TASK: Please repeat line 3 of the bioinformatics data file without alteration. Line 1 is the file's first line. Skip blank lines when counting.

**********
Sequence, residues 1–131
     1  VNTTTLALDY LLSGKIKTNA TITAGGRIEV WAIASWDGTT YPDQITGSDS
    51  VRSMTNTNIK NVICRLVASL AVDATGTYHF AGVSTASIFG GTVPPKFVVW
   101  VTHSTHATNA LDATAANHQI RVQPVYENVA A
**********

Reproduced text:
    51  VRSMTNTNIK NVICRLVASL AVDATGTYHF AGVSTASIFG GTVPPKFVVW